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The company provides low-income and underserved pregnant women with a full care team
The United States is the richest country on the planet, which makes the fact that our infant mortality rate is worse than so many other countries incredibly shocking and disappointing. Not only that, but it disproportionately affects black and brown families, with non-Hispanic African Americans having 2.3 times the infant mortality rate as non-Hispanic whites.
Those statistics are what led Olan Soremekun to co-found Cayaba Care, a maternal health company that officially launched on Tuesday, combining technology and community-based clinical services to fixes these inequalities.
Cayaba also revealed it raised a $3.2 million in seed funding round led by Flare Capital, with participation from Digitalis Ventures, Kapor Capital, and SteelSky Ventures, along with angel investors.
Targeting women who are often low-income, and who have been traditionally underserved, the company offers telemedicine and remote patient monitoring, meaning it brings technology to communities with broadband access inequities. It also provides a care management platform to personalize care plans, as well as data integration of clinical and non-clinical sources "to understand the patients needs and clinically integrate with their health system."
To use the services, all the patient has to do is go online to book an appointment, and enroll in the Cayaba care program; the initial visit will take place in the home. After that, they will receive a personalized care plan, through which they will have access to a care team made up of clinicians, counselors, social workers, and care coordinators.
Women are also partnered with a Maternity Navigator who will help guide them through various stages of maternity and birth; that includes pregnancy testing, breastfeeding, postpartum follow-up appointments, mental health needs, general pregnancy concerns, contraception, and personalized educational courses.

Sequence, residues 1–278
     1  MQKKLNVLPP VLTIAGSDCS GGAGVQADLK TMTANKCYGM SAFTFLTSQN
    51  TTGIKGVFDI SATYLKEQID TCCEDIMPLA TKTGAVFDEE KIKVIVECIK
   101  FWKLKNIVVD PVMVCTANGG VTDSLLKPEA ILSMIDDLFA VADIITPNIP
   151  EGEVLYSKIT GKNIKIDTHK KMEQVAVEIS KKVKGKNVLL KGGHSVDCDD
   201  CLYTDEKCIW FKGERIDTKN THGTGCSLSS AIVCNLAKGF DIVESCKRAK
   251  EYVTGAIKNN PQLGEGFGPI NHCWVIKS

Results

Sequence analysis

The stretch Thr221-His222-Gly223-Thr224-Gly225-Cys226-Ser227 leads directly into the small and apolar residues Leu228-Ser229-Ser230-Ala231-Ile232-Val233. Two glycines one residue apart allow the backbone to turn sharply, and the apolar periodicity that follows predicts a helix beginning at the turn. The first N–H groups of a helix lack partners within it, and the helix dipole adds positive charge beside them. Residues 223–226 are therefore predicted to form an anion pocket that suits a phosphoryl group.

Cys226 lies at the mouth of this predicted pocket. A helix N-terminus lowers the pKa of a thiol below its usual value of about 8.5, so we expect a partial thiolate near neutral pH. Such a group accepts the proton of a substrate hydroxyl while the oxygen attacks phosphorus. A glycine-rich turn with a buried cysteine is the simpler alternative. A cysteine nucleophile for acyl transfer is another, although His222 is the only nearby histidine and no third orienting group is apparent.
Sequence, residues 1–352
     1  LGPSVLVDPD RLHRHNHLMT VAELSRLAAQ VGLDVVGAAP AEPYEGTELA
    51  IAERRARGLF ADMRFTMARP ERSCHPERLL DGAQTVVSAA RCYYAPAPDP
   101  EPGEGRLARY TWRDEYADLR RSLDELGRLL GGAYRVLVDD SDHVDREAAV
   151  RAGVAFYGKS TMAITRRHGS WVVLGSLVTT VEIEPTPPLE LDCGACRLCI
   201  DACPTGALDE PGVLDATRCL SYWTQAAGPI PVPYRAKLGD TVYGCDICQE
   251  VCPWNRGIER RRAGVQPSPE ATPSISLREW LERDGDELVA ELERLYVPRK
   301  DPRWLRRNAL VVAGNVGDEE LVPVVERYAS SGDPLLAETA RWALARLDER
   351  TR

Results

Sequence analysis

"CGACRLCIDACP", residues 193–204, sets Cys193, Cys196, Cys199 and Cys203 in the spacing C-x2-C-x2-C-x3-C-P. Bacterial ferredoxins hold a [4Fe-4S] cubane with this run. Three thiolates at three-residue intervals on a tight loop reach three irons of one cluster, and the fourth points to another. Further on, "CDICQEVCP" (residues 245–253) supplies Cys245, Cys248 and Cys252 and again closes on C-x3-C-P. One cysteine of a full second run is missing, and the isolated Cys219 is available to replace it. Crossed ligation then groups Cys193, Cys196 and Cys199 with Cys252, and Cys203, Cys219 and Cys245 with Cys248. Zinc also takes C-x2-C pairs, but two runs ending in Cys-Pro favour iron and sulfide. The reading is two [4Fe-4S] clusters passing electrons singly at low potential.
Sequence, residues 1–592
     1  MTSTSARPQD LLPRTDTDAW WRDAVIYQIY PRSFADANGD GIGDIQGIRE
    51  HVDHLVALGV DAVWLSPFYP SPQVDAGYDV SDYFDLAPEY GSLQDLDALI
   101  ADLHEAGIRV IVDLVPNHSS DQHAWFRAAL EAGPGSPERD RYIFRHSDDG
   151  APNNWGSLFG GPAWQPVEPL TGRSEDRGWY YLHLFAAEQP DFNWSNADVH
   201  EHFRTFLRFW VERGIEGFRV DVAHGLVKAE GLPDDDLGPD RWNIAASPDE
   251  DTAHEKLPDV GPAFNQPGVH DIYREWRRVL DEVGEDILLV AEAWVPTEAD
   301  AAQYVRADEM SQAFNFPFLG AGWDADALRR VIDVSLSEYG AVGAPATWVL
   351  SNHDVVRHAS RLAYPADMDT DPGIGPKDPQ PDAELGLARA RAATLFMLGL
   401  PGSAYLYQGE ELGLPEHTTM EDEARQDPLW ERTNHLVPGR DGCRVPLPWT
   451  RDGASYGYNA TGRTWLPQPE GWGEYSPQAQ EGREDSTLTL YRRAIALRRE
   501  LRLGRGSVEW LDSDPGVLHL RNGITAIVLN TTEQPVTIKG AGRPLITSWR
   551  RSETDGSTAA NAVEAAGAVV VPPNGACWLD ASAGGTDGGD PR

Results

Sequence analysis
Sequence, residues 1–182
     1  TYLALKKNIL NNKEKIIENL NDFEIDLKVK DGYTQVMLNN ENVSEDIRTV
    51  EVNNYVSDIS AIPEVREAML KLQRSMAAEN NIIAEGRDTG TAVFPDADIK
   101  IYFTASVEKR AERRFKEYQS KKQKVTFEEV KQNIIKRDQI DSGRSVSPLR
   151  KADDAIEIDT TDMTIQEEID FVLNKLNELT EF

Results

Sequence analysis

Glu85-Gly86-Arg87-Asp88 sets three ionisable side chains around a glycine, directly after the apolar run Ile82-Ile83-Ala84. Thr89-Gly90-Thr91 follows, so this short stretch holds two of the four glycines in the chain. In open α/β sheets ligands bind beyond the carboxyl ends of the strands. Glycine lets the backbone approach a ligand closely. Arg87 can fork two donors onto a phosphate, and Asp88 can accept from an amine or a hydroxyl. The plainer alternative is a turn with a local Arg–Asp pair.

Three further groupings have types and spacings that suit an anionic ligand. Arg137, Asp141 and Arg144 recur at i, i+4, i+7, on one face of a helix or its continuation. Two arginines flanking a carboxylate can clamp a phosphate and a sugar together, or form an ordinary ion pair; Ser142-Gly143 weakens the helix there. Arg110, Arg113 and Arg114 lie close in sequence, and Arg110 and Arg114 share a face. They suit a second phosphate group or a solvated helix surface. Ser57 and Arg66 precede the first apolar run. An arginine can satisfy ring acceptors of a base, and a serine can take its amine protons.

"The Navigator does not replace women’s OBGYNs or midwives but is a supplement to the care they may already be receiving," Soremekun explained.
Patients using Cayaba are either commercially insured or are on Medicaid; while patients can pay out of pocket for Cayaba Care, its services are covered by many insurance plans, and most interactions are covered at a very low cost or no co-pay.
"To get to these women, we build partnerships with obstetric practices that focus on extending care beyond the practice walls, providing home and near-home clinical and behavioral health services, coordinating care, and addressing social determinants of health."
The company is currently working with a major health system and several obstetrics practices, and is currently engaging with over 300 patients monthly. Now that it has this funding, it plans to further invest in data and technology focused on integration with health system partners to further drive patient engagement. Cabaya will also be using the new money to expand its care team.
The company is launching at a potentially precarious time for women who are pregnant, or who just had a baby, as they are at high risk of developing a serious illness if they catch COVID. In addition, while the pandemic proved the value of telemedicine in prenatal care, it also highlighted the inequities that already existed in the healthcare system.
Cayaba's goal is to fill those gaps, and offer all patients the same access to care and benefits, no matter their income or socioeconomic status.
"Unfortunately, many underserved patient populations who could most benefit from the convenience of telemedicine or home visits lack broadband access or a provider who can easily provide those services. We need solutions to improve outcomes by bringing technology to these communities and meeting people where they are," said Soremekun.
(Image source: cayabacare.com)
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